which is at last rearranged into the form .
Notice that we are implicitly working in the ideal . Theorem 3.7.1 showed that any ideal of a Euclidean ring is actually principal, that is, generated by a single element. Lemma 3.7.1 showed further that this ideal is generated by a greatest common divisor of and . Of course, there may be lesser common divisors, for instance while and . The lesser common divisors, however, do not gain entrance to our ideal! Put another way, they may not be expressed as a linear combination of and . Out of all simultaneous divisors, only a greatest common divisor admits a representation as a linear combination of and .
Suppose there is a unit so there exists such that . Let be arbitrary. We have so that and therefore .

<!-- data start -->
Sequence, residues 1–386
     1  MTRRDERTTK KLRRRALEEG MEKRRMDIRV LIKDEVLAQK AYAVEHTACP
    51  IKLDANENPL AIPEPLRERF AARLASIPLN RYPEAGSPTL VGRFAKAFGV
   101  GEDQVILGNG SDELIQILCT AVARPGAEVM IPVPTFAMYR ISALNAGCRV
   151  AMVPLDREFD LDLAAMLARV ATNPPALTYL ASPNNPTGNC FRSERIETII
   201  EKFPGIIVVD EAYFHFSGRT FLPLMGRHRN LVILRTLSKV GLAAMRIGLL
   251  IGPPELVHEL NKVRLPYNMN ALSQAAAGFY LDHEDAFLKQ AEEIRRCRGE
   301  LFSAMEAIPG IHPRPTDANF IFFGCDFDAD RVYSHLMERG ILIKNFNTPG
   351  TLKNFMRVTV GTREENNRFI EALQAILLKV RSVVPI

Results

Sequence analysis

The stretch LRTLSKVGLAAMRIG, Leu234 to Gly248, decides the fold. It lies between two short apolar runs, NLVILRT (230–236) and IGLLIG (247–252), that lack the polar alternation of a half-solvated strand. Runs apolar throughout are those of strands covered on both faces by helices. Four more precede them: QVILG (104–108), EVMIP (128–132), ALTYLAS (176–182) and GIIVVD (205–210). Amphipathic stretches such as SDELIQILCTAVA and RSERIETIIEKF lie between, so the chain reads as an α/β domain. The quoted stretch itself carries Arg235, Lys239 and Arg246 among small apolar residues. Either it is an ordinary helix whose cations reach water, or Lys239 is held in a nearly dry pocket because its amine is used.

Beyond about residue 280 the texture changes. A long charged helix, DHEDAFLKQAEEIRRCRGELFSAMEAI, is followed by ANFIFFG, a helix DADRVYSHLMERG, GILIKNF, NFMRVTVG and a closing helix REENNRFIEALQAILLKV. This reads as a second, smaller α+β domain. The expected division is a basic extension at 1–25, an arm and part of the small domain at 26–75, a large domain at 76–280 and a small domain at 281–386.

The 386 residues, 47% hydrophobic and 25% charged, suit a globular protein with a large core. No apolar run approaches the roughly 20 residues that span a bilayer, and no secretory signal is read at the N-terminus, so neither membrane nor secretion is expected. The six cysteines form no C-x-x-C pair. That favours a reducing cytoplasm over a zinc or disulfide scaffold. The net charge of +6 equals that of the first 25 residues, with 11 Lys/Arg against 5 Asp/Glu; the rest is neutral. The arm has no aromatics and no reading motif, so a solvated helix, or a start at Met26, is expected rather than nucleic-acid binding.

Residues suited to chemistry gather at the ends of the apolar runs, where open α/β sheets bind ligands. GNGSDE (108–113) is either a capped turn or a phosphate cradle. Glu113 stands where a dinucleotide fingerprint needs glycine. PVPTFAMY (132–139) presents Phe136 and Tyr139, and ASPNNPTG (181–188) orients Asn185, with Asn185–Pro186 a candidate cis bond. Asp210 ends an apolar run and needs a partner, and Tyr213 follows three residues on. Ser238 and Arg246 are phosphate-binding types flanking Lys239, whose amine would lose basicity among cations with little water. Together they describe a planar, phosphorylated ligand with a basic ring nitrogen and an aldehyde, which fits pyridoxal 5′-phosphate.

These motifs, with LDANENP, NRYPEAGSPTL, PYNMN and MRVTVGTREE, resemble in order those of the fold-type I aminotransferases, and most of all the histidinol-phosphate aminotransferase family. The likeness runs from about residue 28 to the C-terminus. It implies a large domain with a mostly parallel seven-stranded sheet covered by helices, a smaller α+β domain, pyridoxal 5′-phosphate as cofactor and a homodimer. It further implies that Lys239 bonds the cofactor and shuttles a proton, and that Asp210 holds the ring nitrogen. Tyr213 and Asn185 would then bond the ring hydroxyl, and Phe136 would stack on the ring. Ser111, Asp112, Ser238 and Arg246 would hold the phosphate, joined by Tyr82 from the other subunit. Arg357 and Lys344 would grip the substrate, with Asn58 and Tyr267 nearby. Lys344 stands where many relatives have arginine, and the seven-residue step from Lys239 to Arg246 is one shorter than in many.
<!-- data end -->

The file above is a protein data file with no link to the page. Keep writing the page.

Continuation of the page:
Let be the set of units of . We will let inherit the associative, commutative ring multiplication. Of course, so that . Letting , we have such that . This also means that and hence contains inverses. Finally, we note that if , then is also a unit. There exist such that and . Then so that and the set is closed under multiplication.
The existence of a greatest common divisor was shown in Lemma 3.7.1, where the ideal was employed. We seek another natural ideal to consider. Clearly we want to look at elements of which are multiples of both and . The multiples of are the ideal while the multiples of are the ideal . The intersection of those ideals,